Gersho's non-linear VQ interpolation method is applied for image restoration, and therefore places the codebook search matching and index calculation routine at the receiver. In contrast, the typical applications of VQ are for compression systems whose search routine is at the transmitter where indices and the codebooks are generated and transmitted to the receiver. The receiver then uses the transmitted elements to reconstruct the encoded images. While in the Gersho90 design, the index generator 2008 is the receiver, the codebook generator still resides at the transmitter, where the higher resolution source content 2002 upon which C* (2016, 2116) is trained, is available.

The principal step of Non-linear Interpolative Vector Quantization for Image Restoration described by [Sheppard97], over the [Gersho90] paper that it builds upon, is the substitution of the first VQ stage (2508,2608) with a block waveform coder comprising a Discrete Cosine Transform 2904 and transform coefficient Quantization stage 2908. The quantized coefficients are packed 2912 to form the index 2914 applied to the second codebook 2716, 2812. Thus, a frequency domain codebook is created rather than the traditional, spatial domain VQ codebook. The significance of this step is many-fold. First, the codebook search routine is reduced to negligible complexity thanks to the combination of DCT, quantization, and packing stages (2904, 2908, 2912 respectively) that collectively calculate the second codebook index 2712 directly from a combination of quantized DCT coefficients 2906 within the same block 2902. Prior methods, such as Gersho90, generated the index through a comprehensive spatial domain match tests (similar to the process in 5400) of many codebook entries (similar to 5140) to find the best match, where the index 2712 of the best match serves as the index sought by the search routine.

Sheppard further overlaps each input block by a pre-determined number of samples. Thus, a window of samples is formed around the projected area to be interpolated, and the input window steps through the picture at a number of samples smaller than the dimensions of the input block. Alternatively, in a non-overlapping arrangement, the projected and input block dimensions and step increments would be identical. An overlapping arrangement induces a smoothing constraint, resulting in a more accurate mapping of input samples to their output interpolated counterparts. This leads to fewer discontinuities and other artifacts in the resulting interpolated image. However, the greater the overlap, the more processing work must be done in order to scale an image of a given size. For example, in a combination of a 4×4 process block overlapping a 2×2 input block, sixteen samples are processed for every four samples that are interpolated. This is a 4:1 ratio of process bandwidth to input work. In a non-overlapping arrangement, sixteen samples (in a 4×4 block) are produced for every sixteen input samples. The overlapping example given here requires four times as much work per average output sample as the non-overlapping case.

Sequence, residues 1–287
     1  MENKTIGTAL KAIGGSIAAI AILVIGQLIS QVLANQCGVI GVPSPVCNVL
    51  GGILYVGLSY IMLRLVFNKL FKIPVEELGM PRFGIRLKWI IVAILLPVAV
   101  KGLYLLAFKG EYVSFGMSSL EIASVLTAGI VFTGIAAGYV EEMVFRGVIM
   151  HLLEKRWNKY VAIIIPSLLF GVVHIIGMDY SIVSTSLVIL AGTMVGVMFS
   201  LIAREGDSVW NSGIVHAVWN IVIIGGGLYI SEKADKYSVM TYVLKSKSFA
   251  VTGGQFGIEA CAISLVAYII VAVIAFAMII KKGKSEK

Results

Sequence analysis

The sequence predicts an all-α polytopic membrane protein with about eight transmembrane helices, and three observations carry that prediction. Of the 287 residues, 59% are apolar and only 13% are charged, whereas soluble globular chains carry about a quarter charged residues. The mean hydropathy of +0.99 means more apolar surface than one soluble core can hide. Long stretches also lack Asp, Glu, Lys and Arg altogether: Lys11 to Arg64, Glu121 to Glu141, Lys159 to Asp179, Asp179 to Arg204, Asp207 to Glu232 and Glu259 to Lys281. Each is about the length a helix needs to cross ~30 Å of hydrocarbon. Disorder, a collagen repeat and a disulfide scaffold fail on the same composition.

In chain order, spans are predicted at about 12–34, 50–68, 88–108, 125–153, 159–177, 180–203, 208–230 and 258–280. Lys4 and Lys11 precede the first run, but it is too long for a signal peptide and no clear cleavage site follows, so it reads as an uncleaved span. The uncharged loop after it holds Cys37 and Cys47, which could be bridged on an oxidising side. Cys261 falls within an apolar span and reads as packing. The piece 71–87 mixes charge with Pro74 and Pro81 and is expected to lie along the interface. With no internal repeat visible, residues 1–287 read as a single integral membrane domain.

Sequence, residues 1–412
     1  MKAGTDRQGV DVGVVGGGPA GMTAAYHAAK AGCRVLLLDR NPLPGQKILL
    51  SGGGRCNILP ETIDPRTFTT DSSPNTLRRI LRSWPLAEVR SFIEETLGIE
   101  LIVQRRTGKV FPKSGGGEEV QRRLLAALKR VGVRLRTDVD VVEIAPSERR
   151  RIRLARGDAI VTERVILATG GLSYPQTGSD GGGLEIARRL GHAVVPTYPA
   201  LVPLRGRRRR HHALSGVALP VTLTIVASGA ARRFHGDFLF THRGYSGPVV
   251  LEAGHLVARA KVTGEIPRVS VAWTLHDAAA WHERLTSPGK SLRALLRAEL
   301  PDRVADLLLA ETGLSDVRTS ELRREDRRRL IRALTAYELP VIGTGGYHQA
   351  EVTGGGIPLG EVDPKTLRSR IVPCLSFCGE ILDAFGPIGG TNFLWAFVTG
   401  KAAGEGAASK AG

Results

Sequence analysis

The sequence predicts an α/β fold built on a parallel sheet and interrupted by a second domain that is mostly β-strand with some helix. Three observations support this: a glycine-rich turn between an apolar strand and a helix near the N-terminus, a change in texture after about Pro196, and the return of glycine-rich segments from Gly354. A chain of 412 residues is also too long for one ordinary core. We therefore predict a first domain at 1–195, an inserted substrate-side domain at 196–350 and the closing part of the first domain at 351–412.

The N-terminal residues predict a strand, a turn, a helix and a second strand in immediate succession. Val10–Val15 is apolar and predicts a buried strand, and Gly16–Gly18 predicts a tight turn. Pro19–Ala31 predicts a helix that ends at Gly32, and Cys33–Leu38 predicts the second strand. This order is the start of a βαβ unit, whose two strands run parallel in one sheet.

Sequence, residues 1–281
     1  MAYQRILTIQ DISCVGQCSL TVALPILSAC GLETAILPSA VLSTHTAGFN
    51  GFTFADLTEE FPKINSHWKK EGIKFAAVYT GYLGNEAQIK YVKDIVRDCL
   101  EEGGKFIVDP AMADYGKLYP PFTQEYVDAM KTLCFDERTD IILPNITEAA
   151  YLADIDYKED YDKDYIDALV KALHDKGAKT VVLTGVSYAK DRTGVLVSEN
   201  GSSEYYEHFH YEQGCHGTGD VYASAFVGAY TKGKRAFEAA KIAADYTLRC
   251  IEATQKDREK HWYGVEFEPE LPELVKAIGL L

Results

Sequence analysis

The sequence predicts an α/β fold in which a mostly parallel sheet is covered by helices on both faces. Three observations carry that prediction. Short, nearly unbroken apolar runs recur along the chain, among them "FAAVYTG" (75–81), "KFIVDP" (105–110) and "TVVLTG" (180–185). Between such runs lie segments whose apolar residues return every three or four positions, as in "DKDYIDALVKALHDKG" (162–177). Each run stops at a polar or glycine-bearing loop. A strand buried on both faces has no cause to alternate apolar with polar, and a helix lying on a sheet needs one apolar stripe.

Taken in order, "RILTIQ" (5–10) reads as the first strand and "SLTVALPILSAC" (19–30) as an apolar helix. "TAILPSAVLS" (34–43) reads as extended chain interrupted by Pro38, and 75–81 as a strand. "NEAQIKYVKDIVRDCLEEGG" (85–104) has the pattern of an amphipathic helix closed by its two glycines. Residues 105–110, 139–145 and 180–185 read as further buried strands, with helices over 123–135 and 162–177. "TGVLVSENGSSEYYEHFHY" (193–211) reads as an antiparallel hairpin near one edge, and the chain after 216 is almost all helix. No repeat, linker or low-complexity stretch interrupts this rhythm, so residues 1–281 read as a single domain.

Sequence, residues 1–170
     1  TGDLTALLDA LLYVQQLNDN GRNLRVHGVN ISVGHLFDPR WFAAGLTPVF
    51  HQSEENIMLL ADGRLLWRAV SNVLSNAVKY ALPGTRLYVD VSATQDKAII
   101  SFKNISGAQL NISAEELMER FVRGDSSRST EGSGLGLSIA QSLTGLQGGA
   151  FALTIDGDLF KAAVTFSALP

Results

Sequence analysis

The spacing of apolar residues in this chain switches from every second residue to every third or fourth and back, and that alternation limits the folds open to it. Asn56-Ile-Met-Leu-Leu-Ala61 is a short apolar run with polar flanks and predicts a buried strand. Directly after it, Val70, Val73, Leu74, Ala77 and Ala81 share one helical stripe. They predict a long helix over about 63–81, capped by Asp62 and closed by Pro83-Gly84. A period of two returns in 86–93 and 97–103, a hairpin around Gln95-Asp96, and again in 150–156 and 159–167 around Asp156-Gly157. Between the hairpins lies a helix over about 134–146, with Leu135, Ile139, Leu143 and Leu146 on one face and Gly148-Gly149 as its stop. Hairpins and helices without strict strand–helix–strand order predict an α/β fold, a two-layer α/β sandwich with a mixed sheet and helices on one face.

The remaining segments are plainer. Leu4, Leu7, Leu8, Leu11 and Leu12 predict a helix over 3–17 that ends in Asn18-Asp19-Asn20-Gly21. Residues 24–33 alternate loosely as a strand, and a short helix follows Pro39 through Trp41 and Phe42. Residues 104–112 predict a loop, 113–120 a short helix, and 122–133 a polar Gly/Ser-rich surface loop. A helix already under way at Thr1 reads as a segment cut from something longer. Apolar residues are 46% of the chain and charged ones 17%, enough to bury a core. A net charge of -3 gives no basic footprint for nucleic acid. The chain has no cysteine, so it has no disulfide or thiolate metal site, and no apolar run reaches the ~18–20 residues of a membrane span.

Although the DOT method by Sheppard et al does permit larger codebooks than the NLIVQ methods of Gersho et al, it does not address the cost and design of sending such codebooks to a receiver over a communications or storage medium. The application is a “closed circuit” system, with virtually unlimited resources, for restoring images of similar resolution. Thus, an improved system that is designed specifically for entropy-constrained, real-time transmission and can scale across image resolutions is needed.

DVD

DVD is the first inexpensive medium to deliver to main stream consumers nearly the full quality potential of SDTV. Although a rigid definition of SDTV quality does not exist, the modren definition has settled on “D-1” video—the first recording format to adopt CCIR 601 parameters. SDTV quality has evolved significantly since the first widespread introduction of television in the 1940's, spawning many shades of quality that co-exist today.

In the late 1970's, the first popular consumer distribution format, VHS and Betamax tape, established the most common denominator for standard definition with approximately 250 horizontal luminance lines and a signal-to-noise ratio (SNR) in the lower to mid 40's dB range. Early television broadcasts had similar definition. In the 1980's, television monitors, analog laserdiscs, Super-VHS and the S-Video connector offered consumers improved SD video signals with up to 425 horizontal lines and SNR as high as 50 dB, exceeding the 330 horizontal-line-per-picture-height limit of the broadcast NTSC signal format today.

Starting in 1982, professional video engineering organizations collaborated on the creation of the CCIR 601 discrete signal representation standard for the exchange of digital signals between studio equipment. Although it is only one set of parameters among many possible choices, CCIR 601 effectively established the upper limit for standard definition at 540 horizontal lines per picture height (on a 4:3 aspect ratio monitor). Applications such as DVD later diluted the same pixel grid to cover a one third wider screen area. Thus the horizontal density on 16:9 anamorphic DVD titles is one third less than standard 4:3 “pan & scan” titles. The CCIR 601 rectangular grid sample lattice was defined as 720 samples per line, with approximately 480 lines per frame at the 30 Hz frame rate most associated with NTSC, and 576 lines at the 25 Hz frame rate of PAL and SECAM. Horizontal line density is calculated as (aspect ratio) * (total lines per picture width). For a 4:3 aspect ratio, the yield is therefore ((4/3)*(720))=540 lines.